Former president Jacob Zuma at Ntolwane Primary School voting station in Nkandla. Picture: Motshwari Mofokeng/African News Agency (ANA)

Nkandla - A fluey former president Jacob Zuma, accompanied by three of his wives, Thobeka KaMadiba Zuma, Bongekile MaNgema Zuma and Sizakele MaKhumalo Zuma, cast his vote on Wednesday morning in Nkandla and says he expects the big parties to lead the charge. 

Emerging from his security detail convoy at Ntolwane Primary School, in the KwaNxamalala village of Nkandla, Zuma was greeted with chants of "Zuma! Zuma! Zuma!" as he waved at and greeted the crowd, mostly clad in ANC regalia. 

Zuma arrived shortly after 10am and opted to wait in the queue alongside his wives to cast his vote. 

He entered the voting booth first and was then followed by his wives. 

Before addressing the media he said that he was battling the flu, but also declared that his vote was no secret and that he had voted for the ANC. 

"If my voice blocks at some point, don't worry it's not me, it's nature." 

"In the months leading to this day there's been a lot of activities happening in the country, many have been describing this day as one of the most important days in the history of our democracy in that the voting this time seems to be a big business in many parties," Zuma says.

Former president Jacob Zuma accompanied by three of his wives, (from left) Thobeka KaMadiba Zuma, Bongekile MaNgema Zuma and Sizakele MaKhumalo Zuma, cast his vote at Ntolwane Primary School in the KwaNxamalala village of Nkandla. Picture: Samkelo Mtshali

He said that the record number of parties on the national ballot paper was an indication of democracy in action.

"I am very happy that I've cast my vote in my station and I am confident that things will go the way everybody expects them to go, big parties will be in front, small ones will follow as it has been always. It's a question of what is the distance between them," says Zuma.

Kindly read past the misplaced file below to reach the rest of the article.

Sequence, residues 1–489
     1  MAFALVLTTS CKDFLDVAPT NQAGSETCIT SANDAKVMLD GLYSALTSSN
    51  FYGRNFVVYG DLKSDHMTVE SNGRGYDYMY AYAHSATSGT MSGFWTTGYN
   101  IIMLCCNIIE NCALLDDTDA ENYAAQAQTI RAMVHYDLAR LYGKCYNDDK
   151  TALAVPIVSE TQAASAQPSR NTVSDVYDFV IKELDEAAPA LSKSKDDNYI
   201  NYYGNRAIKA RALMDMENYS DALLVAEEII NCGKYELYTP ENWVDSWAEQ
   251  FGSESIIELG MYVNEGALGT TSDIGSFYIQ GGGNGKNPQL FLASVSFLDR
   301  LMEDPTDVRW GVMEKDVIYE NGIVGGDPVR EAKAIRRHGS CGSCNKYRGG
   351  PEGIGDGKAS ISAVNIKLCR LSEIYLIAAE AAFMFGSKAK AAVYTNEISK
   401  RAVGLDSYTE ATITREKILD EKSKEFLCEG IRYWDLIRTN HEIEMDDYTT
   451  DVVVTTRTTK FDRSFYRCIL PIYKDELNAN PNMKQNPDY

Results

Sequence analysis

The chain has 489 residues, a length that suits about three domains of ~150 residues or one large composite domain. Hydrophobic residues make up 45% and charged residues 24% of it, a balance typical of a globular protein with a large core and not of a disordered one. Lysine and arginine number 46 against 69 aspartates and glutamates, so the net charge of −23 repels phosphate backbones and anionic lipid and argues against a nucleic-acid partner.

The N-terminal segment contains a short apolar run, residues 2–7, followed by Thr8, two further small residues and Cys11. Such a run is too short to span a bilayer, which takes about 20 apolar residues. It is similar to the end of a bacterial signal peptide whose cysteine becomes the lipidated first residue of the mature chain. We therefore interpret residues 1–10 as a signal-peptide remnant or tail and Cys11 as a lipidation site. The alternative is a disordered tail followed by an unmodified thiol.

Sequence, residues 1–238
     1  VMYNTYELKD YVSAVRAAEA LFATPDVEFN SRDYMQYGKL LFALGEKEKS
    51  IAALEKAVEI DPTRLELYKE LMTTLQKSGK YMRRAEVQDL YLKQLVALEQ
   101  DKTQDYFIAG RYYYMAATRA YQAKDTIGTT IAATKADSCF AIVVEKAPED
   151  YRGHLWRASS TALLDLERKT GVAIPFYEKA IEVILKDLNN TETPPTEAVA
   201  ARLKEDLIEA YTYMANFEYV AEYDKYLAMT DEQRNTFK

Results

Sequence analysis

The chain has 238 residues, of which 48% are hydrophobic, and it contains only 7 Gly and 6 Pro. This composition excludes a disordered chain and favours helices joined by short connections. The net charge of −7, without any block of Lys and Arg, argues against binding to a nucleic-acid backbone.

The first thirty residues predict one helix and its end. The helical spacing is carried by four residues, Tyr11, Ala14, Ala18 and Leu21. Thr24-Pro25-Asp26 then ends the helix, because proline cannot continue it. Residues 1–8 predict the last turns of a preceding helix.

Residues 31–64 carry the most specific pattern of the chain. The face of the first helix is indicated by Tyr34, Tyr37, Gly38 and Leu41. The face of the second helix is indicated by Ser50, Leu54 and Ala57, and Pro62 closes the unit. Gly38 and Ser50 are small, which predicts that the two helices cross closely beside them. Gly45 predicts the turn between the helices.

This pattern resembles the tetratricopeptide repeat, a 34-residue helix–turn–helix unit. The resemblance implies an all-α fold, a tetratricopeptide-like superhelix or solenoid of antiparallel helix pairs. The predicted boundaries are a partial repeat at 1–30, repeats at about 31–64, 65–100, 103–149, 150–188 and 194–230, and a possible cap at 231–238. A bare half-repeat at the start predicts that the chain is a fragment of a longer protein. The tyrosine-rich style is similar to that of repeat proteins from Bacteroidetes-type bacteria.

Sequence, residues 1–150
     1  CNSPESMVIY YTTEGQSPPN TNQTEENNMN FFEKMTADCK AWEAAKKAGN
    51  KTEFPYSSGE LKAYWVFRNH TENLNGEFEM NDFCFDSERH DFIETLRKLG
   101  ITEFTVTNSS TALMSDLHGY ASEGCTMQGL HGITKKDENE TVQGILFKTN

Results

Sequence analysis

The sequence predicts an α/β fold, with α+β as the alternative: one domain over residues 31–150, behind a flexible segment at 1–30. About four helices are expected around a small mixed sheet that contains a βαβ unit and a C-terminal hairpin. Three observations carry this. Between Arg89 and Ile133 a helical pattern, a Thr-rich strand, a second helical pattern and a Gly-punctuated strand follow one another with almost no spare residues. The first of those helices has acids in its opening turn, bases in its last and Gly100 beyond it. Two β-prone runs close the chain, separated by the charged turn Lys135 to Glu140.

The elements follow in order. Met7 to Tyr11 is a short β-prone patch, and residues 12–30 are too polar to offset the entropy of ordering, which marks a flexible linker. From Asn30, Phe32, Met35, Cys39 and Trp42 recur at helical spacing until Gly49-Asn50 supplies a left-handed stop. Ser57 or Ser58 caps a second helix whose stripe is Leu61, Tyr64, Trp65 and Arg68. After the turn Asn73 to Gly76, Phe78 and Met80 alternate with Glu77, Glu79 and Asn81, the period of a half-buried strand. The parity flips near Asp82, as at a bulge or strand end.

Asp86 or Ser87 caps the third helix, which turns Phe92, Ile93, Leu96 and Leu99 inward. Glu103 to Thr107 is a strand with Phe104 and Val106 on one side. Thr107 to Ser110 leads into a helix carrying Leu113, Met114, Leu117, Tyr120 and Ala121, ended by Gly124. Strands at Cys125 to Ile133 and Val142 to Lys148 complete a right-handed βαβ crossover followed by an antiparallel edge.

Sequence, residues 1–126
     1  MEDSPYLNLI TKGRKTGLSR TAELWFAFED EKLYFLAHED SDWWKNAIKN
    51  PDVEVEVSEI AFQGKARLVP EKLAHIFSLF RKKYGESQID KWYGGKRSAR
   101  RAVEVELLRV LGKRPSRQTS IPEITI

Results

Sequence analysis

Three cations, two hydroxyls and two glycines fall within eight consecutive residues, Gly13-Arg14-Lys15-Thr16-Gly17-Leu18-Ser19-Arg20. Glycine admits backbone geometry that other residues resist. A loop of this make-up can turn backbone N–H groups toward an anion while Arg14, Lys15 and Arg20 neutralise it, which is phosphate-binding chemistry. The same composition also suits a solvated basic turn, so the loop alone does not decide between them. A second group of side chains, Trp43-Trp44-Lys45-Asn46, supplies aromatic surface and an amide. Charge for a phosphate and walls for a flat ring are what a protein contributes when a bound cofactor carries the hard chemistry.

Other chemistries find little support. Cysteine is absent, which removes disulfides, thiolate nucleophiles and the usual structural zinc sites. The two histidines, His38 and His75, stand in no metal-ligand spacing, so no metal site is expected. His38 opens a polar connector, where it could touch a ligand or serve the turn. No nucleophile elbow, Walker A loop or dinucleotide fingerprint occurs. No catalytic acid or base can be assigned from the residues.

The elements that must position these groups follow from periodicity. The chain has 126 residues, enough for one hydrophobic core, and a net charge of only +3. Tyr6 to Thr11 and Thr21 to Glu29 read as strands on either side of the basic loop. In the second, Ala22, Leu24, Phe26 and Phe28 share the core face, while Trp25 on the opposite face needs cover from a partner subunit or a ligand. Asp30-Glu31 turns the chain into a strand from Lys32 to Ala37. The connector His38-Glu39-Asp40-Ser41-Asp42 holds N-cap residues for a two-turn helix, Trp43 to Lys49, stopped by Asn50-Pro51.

He said that he was pleased that there had been no major incidents during the campaigning period and that this showed that people were beginning to understand what democracy was about, "that it's not war, it is democracy, competing to see which party leads".

"It also tests the voters, whether they vote because they understand the policies and programmes of the parties or they just vote because 'my friend is there'. 

"The vote is very important because you must put your vote where you know there will be something happening, benefits as well as the improvement of the country, not just because people are shouting better slogans but which party says it will deliver a better South Africa better than others," says Zuma.

In his assessment of the build-up to election day, he says that he felt that political parties were not sticking to their policies to tell the people what they would do for them "in a serious sense except sloganeering".

"I'm hoping that our education to democracy is indeed getting better and I must also say that you guys (the media) when you were talking to the parties you were not asking them on issues very directly. You were just wanting them to tell you, but next time you will also improve," Zuma says.

Former president Jacob Zuma at  Ntolwane Primary School  voting station in Nkandla. Picture: MotshwarI Mofokeng/African News Agency(ANA)

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